I’m at the Brookings Institution, where Secretary of State Hillary Rodham Clinton is presenting the Obama administration’s agenda for next week’s United Nation’s General Assembly session, the administration’s first. How will the administration handle Iranian “President” Mahmoud Ahmadinejad’s visit to Manhattan, and his agreement to move ahead with nuclear diplomacy? How to handle Libyan dictator Muammar Qaddafi, who, like President Obama, is delivering a speech to the assembly next Thursday? What about Afghanistan, Pakistan, the Arab-Israeli crisis, the global economic crisis?
Luckily, the secretary of state is in the building. Here’s the highlight reel of Clinton’s remarks, done liveblog style.
Boldface names in the audience include Harold Koh, the State Department legal adviser who was sworn in yesterday despite being repeatedly slandered by conservatives; Anne-Marie Slaughter, State’s director of policy planning; Slaughter deputy Derek Chollet; and Martin Indyk, Brookings’ new foreign-policy director and top State Department Mideast official in the Clinton administration. I would boldface these names, but this is not Politico. Speaking of, Politico’s Laura Rozen is here.
OK, the main event.
First, a word about missile defense. Thanks to a “lengthy, in-depth” review, the Obama administration’s missile defense program isn’t “shelving” missile defense, but deploying a “stronger and smarter” program. “We are not, quote, shelving missile defense. We are deploying missile defense faster than the Bush administration.”
In Clinton’s office is a photo of Eleanor Roosevelt working on the Universal Declaration on Human Rights. “We have to have effective global institutions. That is not a choice, that is an imperative. It is up to us to determine how to make them effective.”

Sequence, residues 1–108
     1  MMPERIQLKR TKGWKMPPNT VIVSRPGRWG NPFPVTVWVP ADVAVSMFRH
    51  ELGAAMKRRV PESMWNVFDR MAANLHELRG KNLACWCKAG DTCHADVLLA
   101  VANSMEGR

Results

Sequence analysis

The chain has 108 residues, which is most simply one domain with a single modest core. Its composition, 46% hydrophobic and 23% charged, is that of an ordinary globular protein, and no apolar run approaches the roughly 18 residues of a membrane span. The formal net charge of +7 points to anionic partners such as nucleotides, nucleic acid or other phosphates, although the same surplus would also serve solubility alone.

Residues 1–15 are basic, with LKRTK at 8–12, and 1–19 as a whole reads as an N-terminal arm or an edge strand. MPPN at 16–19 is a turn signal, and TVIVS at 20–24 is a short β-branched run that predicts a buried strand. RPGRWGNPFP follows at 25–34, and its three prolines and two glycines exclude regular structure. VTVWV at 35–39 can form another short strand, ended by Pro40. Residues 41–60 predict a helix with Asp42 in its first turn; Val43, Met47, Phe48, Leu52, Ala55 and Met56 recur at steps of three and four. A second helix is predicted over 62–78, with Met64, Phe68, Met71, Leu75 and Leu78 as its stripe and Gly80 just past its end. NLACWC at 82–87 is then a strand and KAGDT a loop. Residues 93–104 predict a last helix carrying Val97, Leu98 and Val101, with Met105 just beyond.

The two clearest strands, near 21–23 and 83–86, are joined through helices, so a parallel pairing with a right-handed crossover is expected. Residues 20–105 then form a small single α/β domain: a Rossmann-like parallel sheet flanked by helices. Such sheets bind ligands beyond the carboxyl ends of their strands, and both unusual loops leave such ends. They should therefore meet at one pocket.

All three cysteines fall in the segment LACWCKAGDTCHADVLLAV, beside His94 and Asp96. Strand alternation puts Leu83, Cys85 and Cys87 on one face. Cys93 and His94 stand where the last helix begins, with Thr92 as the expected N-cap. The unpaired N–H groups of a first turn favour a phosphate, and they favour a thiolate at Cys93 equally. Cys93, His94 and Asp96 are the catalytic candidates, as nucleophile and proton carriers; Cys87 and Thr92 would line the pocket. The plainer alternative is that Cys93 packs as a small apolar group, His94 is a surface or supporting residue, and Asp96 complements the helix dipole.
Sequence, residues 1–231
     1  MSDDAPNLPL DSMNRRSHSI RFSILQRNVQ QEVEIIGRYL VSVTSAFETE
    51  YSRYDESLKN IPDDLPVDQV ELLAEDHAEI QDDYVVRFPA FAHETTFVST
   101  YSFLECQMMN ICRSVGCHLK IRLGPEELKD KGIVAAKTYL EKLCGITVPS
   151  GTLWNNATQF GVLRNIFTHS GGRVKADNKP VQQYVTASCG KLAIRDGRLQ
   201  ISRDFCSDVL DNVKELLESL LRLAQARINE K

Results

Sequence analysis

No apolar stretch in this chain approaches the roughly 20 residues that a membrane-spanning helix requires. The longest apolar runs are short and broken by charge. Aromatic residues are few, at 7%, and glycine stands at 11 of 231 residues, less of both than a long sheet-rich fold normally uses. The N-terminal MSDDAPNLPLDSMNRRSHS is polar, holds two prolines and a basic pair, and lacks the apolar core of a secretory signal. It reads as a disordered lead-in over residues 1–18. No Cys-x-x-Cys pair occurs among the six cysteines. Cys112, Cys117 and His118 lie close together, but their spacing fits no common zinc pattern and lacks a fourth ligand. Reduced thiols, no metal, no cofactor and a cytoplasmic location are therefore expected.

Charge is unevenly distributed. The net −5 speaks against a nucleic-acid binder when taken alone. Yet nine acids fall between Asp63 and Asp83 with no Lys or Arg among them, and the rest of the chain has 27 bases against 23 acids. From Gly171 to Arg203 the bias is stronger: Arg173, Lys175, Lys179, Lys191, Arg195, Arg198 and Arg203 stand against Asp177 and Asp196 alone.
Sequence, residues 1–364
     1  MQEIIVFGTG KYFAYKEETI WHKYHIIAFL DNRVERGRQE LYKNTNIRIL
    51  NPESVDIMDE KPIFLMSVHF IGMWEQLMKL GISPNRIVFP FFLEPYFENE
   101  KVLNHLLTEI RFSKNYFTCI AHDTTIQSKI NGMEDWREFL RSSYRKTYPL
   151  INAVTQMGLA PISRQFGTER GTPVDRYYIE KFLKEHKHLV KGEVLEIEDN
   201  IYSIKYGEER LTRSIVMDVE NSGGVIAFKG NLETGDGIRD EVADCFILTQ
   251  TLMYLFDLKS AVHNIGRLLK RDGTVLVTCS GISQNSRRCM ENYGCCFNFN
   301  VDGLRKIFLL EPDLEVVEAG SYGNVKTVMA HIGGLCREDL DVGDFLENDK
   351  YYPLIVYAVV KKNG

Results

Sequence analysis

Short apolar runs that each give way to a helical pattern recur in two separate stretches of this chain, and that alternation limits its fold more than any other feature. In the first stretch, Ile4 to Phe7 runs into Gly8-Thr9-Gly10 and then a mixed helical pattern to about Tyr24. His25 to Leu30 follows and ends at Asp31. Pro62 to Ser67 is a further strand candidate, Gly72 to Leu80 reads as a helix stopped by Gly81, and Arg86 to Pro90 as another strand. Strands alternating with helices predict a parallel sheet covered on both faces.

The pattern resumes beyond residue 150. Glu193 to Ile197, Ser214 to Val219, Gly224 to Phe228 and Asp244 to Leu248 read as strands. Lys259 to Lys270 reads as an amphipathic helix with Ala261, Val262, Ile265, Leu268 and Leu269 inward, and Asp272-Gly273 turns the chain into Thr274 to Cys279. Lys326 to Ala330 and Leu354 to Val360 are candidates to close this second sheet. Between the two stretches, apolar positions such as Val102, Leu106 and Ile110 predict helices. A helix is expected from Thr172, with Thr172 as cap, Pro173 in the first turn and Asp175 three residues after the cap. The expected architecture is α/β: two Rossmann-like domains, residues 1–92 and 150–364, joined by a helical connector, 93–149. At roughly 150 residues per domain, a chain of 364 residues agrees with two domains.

Nuclear proliferation “will be a main topic of discussion next week and beyond.” Giving Obama’s Prague speech “template” some practical application, “moving to a world of zero nuclear weapons… a generational commitment, it might not happen in our lifetimes.” Next week Obama will chair a meeting at the Security Council on nonproliferation and disarmament, which will play a “critical role” in enforcing compliance. Clinton will lead a meeting on the Comprehensive Test Ban Treaty. “Strengthening the non-proliferation regime means bringing other nations into compliance.” Like North Korea and Iran.
Iran. What’s “really at issue”: Iran has “refused for years to address the international community’s deep concerns about its nuclear program.” Iran’s” continued failure to live up to its obligations carries profound consequences for the security of the United States.” The concern is not “Iran’s right to develop peaceful nuclear energy,” but ensuring the program is for peaceful purposes. “This is not hard to do.” Iran faces a “choice.” It can have partnership in education and science and cooperation with the international community. Or “isolation and economic pressure, less progress for the people of Iran.” Dialogue alone “doesn’t guarantee any outcome, let alone success,” but refusal to engage “yielded no progress on the nuclear issue.” Iran “must now decide whether to join us in this effort,” but Iran has “engaged in a campaign of politically motivated arrests, show trials and suppression” and “stands in the way of the justice it seeks.” But Obama remains “ready to engage… to address the concerns we and our partners have.” But “we have no appetite for talks without action.”
Iraq, Afghanistan/Pakistan, development and women are also on the UNGA agenda.
Iraq: Clinton hails January’s parliamentary election, and pledges to “work with Iraqis and the international community… to make these elections a success.” Civilian agencies’ role increases as U.S. troops depart. Sees a “stable, sovereign Iraq.” A “new, sustained and more mature partnership that will serve both of our countries far into the future.”
Afghanistn and Pakistan. Core goal “to disrupt dismantle and ultimately defeat al-Qaeda and its extremist allies,” the basis of the “original U.N. resolutions authorizing military action after 9/11 and creating ISAF, the NATO troop mission. “To effectively squeeze extremists fighting to destabilize both countries” is how Clinton describes the method. Calls on “all parties to respect” the Afghan electoral recount. Will step up “expectation of that new government to strengthen governance at all levels” after a winner of the presidential election is determined.
Clinton will continue to discuss Burma with allies.